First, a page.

In 1958, my parents moved from Magazine to Booneville. They bought thirty acres from Mr. Raymond Durham on top of the ridge just north of town. Daddy had grown up on a Depression-era farm, so he always had a few cows on the place, and always had one of them that he milked.

I grew up on raw milk. Mama would boil a rag (usually a cloth diaper) and strain the milk through it. That was all. The whole family drank it, with no discernible ill effects to our health, amazingly enough.

One of the chores we children had was to churn the butter. Usually we just shook the milk in a gallon jar, but later on Mama did get a Daisy churn with a crank handle. However, none of that was nearly as much fun as Grandma Green’s crockery churn with the wooden plunger. Kersploosh, kersploosh – it had a very satisfying sound.

Occasionally Daddy would leave a gallon of milk sitting out until it would clabber, then pour off the whey so that only the curd was left. He would spoon it into a cereal bowl and eat it like ice cream.

We milked a series of cows over the years. I remember one named Pet; I think she was a Guernsey. She would let us ride on her back a few steps. One of them Daddy called Swiss, because she appeared to be of the Brown Swiss breed. It was not just cows of the dairy breeds that Daddy milked, however. Basically any of them who would stand still for it were fair game as a supplier of milk. I have milked a Hereford, and even an Angus.

Daddy was a good milker. He had strong hands and could put a good head of foam on the milk pail. We boys were not quite as good, but after Daddy began teaching in Fort Smith and having to leave earlier, the milking job fell to us. We would be rousted out at what seemed an unreasonable hour, stumble down to the barn in the dark, turn the cow into the stall, throw some feed into the bin, set up the stool, and get with it.

There were several challenging aspects to milking by hand. The first was to dodge the cow’s tail, which she was constantly swishing, especially in the fly season. Catching a sodden tail across the side of the face was a thrilling experience.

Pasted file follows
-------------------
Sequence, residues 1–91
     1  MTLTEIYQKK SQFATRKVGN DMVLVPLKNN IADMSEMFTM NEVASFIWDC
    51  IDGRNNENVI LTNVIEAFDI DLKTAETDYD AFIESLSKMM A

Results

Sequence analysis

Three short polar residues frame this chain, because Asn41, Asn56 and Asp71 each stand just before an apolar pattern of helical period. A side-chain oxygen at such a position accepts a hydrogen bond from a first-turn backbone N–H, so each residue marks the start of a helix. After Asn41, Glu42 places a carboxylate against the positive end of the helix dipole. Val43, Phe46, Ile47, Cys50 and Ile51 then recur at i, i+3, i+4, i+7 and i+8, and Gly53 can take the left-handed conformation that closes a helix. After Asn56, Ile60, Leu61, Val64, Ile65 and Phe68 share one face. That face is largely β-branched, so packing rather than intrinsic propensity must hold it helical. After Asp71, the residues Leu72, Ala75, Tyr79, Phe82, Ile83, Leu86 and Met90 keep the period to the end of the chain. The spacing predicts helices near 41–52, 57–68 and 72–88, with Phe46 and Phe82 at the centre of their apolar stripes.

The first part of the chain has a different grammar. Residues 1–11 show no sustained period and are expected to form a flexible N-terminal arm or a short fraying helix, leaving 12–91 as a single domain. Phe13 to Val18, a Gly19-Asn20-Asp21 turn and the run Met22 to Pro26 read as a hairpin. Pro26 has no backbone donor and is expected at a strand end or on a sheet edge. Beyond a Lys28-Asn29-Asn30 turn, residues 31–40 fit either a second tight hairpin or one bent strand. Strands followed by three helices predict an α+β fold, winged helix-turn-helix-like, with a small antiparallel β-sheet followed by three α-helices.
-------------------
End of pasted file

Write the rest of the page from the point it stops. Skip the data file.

We also had to make sure the cow did not kick the bucket, or worse, put her foot into it. The key was to be quick with the left forearm. While you were milking, you had to be sensitive to how the cow was standing, and if she shifted her weight, you knew what was coming. Then you would extend your arm against her leg to keep it away from the milk pail. Nothing to it, IF you paid close attention.

Much of the time in the summer, we would be barefooted. Putting on shoes just to milk one cow was too much trouble. It became real trouble, however, if the cow should step on your foot. I have had a pretty good strip of hide peeled off the top of my foot as a reward for my carelessness.

Where there is milk there are likely to be cats, and we usually had several. We would train them to stand on their hind legs to catch a stream of milk directly from the cow. That was fun, but it served to make the cats so aggressive that they would try to look into the pail.

One factor that always enters into a home-milking situation is the content of the pastures. What is growing gets eaten by the cows, and the milk will have somewhat of the taste of what was eaten. When the bitterweeds were in full bloom, the milk did develop an unpleasant taste.

When we were little, Daddy would pay us boys a penny for every fifty bitterweed plants we could pull. We were not going to get rich on that scheme. Keep in mind, however, that a dollar in 1960 was equivalent to over $8.00 today. To our juvenile minds it was an easy source of considerable wealth. Back then you could get ice cream cones at the Dairy Bar for a nickel. (That equates to 250 bitterweed plants, if you are counting.)